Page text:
Something else that I similarly had spoiled for me (but not by my sister this time) was Game of Thrones. I foolishly read too much of a comments section once, and learned far more than I wanted to about the infamous Red Wedding. But even if I hadn’t, I still knew there was something called “the Red Wedding” on the horizon, and I probably could have worked out the rest from there.

Giles and Spike clearly read the books.

The Buffy cast watch the Red Wedding for the first time.

When the wedding in question came, as red as it was, it nevertheless played out exactly as I expected. There was tension there, because it’s a damn good scene, but there was nothing that actually surprised me or had any real kind of impact. I knew what was going to happen and I watched it happen, and that was that. The episode was completely defanged by spoilers – knowing the upcoming events lessened the experience of them.

Meanwhile, while I also knew exactly what was coming in Season 5 of Buffy, it still managed to completely blindside me. It still managed to shock and upset me – to twist at my emotions in unexpected ways. Spoilers mean nothing here, because The Body is such an astounding episode of television, and handles its subject matter in such an unexpected way. In fact, it’s probably the most powerful depiction of that subject matter that I’ve ever seen.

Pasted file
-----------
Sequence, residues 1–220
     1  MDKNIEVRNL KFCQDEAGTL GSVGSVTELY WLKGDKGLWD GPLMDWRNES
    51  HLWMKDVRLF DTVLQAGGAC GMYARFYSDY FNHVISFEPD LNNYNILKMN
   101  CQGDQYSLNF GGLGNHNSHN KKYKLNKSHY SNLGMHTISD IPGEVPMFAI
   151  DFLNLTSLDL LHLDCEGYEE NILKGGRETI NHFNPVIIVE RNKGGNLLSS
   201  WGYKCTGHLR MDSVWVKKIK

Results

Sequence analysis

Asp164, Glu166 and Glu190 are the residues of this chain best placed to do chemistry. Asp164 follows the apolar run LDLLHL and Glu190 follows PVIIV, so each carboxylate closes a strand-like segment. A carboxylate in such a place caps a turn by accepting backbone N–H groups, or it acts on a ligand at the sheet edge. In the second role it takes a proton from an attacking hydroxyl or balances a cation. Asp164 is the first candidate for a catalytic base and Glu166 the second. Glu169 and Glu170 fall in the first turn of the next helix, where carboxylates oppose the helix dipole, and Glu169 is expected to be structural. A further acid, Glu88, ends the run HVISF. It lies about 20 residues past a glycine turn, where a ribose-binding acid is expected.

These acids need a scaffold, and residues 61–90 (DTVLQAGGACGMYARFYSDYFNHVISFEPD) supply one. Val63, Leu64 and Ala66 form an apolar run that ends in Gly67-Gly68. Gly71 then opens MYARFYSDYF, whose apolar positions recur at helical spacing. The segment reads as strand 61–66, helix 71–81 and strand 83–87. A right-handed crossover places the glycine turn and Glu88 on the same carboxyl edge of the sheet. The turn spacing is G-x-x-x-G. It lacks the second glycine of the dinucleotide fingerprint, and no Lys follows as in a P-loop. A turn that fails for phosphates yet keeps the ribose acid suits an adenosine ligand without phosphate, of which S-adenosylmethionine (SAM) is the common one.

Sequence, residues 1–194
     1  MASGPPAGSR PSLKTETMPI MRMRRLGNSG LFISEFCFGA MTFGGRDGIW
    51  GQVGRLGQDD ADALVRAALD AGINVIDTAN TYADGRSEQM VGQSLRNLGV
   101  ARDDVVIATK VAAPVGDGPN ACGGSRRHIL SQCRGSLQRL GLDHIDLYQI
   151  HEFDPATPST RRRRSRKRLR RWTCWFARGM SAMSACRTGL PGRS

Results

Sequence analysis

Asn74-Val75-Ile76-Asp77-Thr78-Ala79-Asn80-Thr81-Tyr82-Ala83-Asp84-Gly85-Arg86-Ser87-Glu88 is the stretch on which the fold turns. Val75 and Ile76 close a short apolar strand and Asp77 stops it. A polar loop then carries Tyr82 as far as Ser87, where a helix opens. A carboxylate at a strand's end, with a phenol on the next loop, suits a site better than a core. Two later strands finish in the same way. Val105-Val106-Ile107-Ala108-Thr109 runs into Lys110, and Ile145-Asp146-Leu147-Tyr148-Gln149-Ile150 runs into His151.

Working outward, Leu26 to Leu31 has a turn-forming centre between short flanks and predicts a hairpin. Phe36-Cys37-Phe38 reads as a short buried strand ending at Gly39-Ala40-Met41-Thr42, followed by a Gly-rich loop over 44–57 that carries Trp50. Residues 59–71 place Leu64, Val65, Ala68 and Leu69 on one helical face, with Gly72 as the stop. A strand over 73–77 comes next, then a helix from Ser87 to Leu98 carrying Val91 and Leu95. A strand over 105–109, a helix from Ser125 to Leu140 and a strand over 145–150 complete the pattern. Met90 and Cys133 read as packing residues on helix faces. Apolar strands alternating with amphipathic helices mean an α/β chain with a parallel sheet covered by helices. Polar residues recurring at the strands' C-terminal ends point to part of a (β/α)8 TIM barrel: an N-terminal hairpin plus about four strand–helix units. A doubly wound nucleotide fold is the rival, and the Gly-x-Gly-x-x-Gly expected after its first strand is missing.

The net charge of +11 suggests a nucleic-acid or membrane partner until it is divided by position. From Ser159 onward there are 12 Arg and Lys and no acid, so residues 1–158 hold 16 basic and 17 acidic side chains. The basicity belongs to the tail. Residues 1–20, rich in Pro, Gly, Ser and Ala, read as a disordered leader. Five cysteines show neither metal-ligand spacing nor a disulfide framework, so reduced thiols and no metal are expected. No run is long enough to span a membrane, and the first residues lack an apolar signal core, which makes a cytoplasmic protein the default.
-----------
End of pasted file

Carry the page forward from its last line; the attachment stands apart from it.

That would be pretty incredible on its own, considering what kind of show this is – but for Buffy to hit you with this on the tail end of the sex-robot episode, and to immediately follow it up with a naff rubber monster in a naff polystyrene cavern (followed by another sex-robot episode) is frankly insane. And yet somehow it all works!

In the end, Buffy‘s ultimate trick is subversion of expectations. Every step of the way, this series surprised me. Whether it’s telling weird, crazy monster stories, dealing with the stark, haunting reality of The Body or, often, contrasting both within the same episode, this programme never does what’s expected. It takes things we think we know – vampire lore, teenage relationship dramas, television conventions, tone, even its own plot spoilers – and turns them into something unexpected, unique and constantly surprising. It is masterful television.

Buffy the Vampire Slayer is one of our universal geek reference-points. Now, after Season 5, I think I finally understand why.

  • http://annanorrisbassoon.com/ Anna Norris

    YES, this. I just finished season 6, and I felt the exact way about Seeing Red. I knew exactly what was going to happen (on both counts of shocking incidents) and still felt blindsided, horrified and dazed.